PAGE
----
Deferring to Americans on the Train

The French are far more concerned about the Anglification of their language than the British are about the Americanization of theirs.

In Britain, we allow ourselves to adopt American ``speechisms'' with few apparent qualms, and often without even noticing....

I mean, ``on TV'' has by now completely replaced ``on the tele,'' and ``radio'' long ago ousted ``wireless.'' Some die-hards still call road-haulage vehicles ``lorries,'' but I suspect we are beginning to feel this sounds rather silly, and that we should really call them ``trucks.''

It must be added, however, that we still insist on ``bonnet'' for ``hood'' and ``boot'' for ``trunk'' when it comes to the front and rear ends of the car, which we never call an auto.

The specific prompting for these musings came from a note in a rather old ``English Usage'' volume. Its author claimed that Americans ride ``on a train'' while the British (whom only Americans call ``Brits,'' by the way) ride ``in a train.''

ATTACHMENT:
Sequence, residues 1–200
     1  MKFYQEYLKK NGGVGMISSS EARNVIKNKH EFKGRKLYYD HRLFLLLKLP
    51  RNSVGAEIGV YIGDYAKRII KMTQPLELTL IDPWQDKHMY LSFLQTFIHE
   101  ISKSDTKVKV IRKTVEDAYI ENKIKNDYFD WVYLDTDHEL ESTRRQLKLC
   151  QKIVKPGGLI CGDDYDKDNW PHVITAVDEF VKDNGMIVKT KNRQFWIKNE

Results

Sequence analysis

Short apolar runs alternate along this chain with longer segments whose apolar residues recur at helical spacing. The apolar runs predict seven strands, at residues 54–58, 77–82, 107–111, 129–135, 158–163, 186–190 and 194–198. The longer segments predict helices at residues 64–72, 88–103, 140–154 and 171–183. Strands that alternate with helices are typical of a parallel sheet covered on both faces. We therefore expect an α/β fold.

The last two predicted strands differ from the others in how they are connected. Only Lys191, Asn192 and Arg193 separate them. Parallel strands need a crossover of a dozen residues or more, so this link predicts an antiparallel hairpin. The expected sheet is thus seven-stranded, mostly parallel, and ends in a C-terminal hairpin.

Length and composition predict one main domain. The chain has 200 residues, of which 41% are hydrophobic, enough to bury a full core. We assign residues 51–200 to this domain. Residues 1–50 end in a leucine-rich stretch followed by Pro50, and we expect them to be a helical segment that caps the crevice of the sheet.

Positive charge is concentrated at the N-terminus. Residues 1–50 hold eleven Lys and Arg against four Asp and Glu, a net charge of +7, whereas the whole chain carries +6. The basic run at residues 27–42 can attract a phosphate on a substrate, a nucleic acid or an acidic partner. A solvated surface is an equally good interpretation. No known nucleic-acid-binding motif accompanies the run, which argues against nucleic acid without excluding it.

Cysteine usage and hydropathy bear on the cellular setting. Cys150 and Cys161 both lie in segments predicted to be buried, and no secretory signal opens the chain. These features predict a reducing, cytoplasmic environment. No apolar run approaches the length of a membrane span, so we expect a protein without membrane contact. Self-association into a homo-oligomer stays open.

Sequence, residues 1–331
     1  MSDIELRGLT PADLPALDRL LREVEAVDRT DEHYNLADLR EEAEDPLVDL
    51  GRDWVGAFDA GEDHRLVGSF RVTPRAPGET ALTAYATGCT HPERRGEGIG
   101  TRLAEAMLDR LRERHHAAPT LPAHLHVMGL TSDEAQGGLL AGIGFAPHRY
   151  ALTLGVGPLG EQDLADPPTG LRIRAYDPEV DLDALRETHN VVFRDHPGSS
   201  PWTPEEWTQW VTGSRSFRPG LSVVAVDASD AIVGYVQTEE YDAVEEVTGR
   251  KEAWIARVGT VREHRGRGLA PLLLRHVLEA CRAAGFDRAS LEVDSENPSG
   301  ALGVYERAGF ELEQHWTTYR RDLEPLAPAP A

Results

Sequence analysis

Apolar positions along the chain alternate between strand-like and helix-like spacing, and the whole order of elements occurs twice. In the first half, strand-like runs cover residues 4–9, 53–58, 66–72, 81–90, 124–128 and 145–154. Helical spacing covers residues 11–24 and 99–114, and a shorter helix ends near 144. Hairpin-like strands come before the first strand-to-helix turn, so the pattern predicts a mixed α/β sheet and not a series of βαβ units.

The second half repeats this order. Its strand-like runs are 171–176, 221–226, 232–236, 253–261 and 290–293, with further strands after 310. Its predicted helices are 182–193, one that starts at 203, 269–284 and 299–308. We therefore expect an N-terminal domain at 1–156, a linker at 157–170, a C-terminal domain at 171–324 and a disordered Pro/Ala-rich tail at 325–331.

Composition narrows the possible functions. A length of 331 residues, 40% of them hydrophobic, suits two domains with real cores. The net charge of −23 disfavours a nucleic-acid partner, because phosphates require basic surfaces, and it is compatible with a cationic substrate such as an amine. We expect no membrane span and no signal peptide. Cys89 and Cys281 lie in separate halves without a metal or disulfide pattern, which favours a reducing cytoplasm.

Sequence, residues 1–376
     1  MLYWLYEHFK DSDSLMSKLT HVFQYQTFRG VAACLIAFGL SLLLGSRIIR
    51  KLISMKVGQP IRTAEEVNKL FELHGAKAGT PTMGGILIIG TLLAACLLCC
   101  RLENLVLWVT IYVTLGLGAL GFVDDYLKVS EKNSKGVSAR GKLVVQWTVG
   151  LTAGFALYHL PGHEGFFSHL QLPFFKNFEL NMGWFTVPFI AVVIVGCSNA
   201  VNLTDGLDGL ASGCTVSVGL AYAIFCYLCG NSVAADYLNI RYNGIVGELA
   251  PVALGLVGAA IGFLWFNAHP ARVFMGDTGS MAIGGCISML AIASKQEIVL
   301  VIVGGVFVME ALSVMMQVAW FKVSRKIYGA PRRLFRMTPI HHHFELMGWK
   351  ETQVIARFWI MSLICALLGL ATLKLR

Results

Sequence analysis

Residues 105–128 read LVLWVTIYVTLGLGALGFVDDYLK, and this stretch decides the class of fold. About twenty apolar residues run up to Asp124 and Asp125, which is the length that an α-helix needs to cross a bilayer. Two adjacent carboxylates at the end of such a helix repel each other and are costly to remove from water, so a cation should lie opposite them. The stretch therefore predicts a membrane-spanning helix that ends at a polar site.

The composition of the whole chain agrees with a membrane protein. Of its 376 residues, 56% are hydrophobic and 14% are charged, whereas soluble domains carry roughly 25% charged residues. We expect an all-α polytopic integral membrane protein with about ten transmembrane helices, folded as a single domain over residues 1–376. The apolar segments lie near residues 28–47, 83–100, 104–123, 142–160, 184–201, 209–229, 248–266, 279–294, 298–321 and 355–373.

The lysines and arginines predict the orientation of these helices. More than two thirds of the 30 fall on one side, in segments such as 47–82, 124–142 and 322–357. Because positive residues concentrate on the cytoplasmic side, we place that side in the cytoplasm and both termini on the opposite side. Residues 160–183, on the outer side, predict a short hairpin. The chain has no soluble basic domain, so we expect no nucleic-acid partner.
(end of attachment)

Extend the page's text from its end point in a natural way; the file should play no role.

Well, I never knew that. As long as I can recall, I have gone on a train.

But if the difference did once exist, I wonder if the British did not just yield the point unwittingly on the grounds that being on a train is rather more exhilarating than being in one. Somehow it suggests the dynamics of the experience more vividly - as if one might even be like some hero in a silent movie (we used to call them ``films'' or ``the pictures,'' but they, too, are dying words) - a desperate hero seeking sanctuary on the roof of some relentless express.

As a child, I longed to take a train ride. I begged and pestered. But when at last the adults succumbed, and I was perched on the edge of a seat in a train compartment, I burst into tears (I am told).

``But why?'' asked my baffled elders.

And when my sobs subsided sufficiently to make speech possible, I said: ``But where is the train? I can't (sob) see (gulp) the train!''

Which only goes to show how much better it would have been if I had been born American. I would not have been ``in'' a train, I would have been ``on'' it. And I would have known I was on it. Language is experience; it isn't just words.

You've read  of  free articles. Subscribe to continue.
QR Code to Deferring to Americans on the Train
Read this article in
QR Code to Subscription page
Start your subscription today